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Category Archives: Cuverville Island
Today we pulled into Cuverville Island for our first stop of the day and I had a chance to sit down for an hour or so and watch the local skua population wreak havoc on the Gentoo Penguins. Skuas are a large brown bird related to the Northern Jaegers that constantly prowl the periphery of penguin colonies awaiting the opportunity to swoop in and steal an egg. Despite their scavenging habits and cutthroat attitude to cute cuddly penguins there is something charming about skuas. They are absolutely fearless and will wander up and stare you straight in the eye, but it always occurs to me that they are sizing you up for a meal “Are you dead yet? Can I eat you?” They also congregate around research stations where they virtually become pets despite their bad manners and killer instincts. If they are pirates then they are certainly the “Captain Jack Sparrow” kind of pirate with a bit of the rouge mixed in with a lot of charisma. The ones I watched today were happily sitting amidst the penguins which seemed unconcerned despite the various empty eggs around the colonies that had fallen victim to the rapacious birds. The skuas disdained the occasional penguin pecks to the extent that many pairs were happily consummating their relationship amongst the throng of tomorrow’s food.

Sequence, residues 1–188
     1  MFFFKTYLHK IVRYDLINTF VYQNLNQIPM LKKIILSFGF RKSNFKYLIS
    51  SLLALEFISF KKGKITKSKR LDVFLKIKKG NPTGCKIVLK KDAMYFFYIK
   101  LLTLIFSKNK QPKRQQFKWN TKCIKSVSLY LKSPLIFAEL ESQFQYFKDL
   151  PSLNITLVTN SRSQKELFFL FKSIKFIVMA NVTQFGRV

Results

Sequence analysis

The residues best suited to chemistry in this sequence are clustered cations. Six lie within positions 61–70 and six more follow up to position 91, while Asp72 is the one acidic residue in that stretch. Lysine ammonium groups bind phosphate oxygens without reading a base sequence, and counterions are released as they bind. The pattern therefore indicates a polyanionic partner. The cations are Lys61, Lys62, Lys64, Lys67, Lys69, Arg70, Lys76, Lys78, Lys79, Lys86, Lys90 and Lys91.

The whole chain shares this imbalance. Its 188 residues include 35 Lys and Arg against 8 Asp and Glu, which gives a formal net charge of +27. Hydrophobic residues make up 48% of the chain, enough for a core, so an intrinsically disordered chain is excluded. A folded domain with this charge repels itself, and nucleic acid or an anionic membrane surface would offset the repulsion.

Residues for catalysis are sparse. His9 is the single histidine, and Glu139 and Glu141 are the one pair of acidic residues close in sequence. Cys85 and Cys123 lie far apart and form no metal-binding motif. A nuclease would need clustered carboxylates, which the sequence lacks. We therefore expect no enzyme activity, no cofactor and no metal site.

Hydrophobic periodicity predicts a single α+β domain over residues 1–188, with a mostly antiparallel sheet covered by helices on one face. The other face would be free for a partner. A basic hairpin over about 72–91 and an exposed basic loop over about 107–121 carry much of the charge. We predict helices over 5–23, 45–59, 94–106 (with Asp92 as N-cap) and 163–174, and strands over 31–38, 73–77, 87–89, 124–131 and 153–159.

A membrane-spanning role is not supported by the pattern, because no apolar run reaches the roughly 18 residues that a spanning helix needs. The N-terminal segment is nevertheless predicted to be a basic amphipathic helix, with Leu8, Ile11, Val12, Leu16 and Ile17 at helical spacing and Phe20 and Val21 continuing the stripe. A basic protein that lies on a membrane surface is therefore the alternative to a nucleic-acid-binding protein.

Woke at the crack of dawn.. but dawn is less of a crack and more of a gaping chasm here in Antarctica and lasts for hours …despite this I caught at least the first half of dawn when I dragged myself out of bed at 4:00 to jump in a small rubber boat to charge around icebergs. Minutes later I’m hanging from a crane 25m above the water and descending into the cold ice waters with seals, penguins and whales on my mind.
The first stop was Orne Harbour where I cruised past chinstrap penguins and leopard seal…then a quick dash up to Cuverville Island to see the largest Adelie penguin colony on the Antarctic Peninsula, and finally a landing and hike at Neko Harbour. The last is a particular favorite of mine with a churning glacier descending into a tranquil Bay populated by Gentoo penguins. The Glacier is fast and furious …by glacial standards, and drops icebergs frequently. Today a HUGE carving happened that sent a wave right up over the beach. I was onshore and though I avoided the worst we lost a bit of gear and I spent the rest of the landing wet up to my waist. Still …a great landing. I blazed the trail for the long walk up to
the ridge and then to the next bay where there were about seven Weddel seal asleep. I managed top get 20 minutes sitting alone on the beach listening to the Weddels sing in thier sleep accompanied by the trumpetting of Gentoo penguins.
A beautiful place to be working.